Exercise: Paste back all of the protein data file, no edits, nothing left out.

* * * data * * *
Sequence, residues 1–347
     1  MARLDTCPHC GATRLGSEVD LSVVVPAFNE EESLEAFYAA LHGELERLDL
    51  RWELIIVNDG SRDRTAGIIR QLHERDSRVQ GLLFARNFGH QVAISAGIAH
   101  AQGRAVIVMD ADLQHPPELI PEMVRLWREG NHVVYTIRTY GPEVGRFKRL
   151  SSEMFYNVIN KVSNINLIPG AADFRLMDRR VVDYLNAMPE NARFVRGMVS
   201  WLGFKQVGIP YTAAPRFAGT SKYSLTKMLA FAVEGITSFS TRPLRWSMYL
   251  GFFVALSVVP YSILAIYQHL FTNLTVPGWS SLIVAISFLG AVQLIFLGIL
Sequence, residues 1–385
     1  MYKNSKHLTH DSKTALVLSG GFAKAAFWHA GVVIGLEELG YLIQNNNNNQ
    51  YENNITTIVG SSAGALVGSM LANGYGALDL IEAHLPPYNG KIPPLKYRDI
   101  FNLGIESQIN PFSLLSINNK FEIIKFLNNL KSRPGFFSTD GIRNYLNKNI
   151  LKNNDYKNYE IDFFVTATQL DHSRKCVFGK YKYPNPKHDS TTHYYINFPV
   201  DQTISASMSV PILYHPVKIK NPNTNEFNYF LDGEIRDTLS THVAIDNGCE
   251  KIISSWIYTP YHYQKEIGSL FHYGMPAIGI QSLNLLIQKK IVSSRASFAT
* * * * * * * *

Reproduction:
Sequence, residues 1–347
     1  MARLDTCPHC GATRLGSEVD LSVVVPAFNE EESLEAFYAA LHGELERLDL
    51  RWELIIVNDG SRDRTAGIIR QLHERDSRVQ GLLFARNFGH QVAISAGIAH
   101  AQGRAVIVMD ADLQHPPELI PEMVRLWREG NHVVYTIRTY GPEVGRFKRL
   151  SSEMFYNVIN KVSNINLIPG AADFRLMDRR VVDYLNAMPE NARFVRGMVS
   201  WLGFKQVGIP YTAAPRFAGT SKYSLTKMLA FAVEGITSFS TRPLRWSMYL
   251  GFFVALSVVP YSILAIYQHL FTNLTVPGWS SLIVAISFLG AVQLIFLGIL
Sequence, residues 1–385
     1  MYKNSKHLTH DSKTALVLSG GFAKAAFWHA GVVIGLEELG YLIQNNNNNQ
    51  YENNITTIVG SSAGALVGSM LANGYGALDL IEAHLPPYNG KIPPLKYRDI
   101  FNLGIESQIN PFSLLSINNK FEIIKFLNNL KSRPGFFSTD GIRNYLNKNI
   151  LKNNDYKNYE IDFFVTATQL DHSRKCVFGK YKYPNPKHDS TTHYYINFPV
   201  DQTISASMSV PILYHPVKIK NPNTNEFNYF LDGEIRDTLS THVAIDNGCE
   251  KIISSWIYTP YHYQKEIGSL FHYGMPAIGI QSLNLLIQKK IVSSRASFAT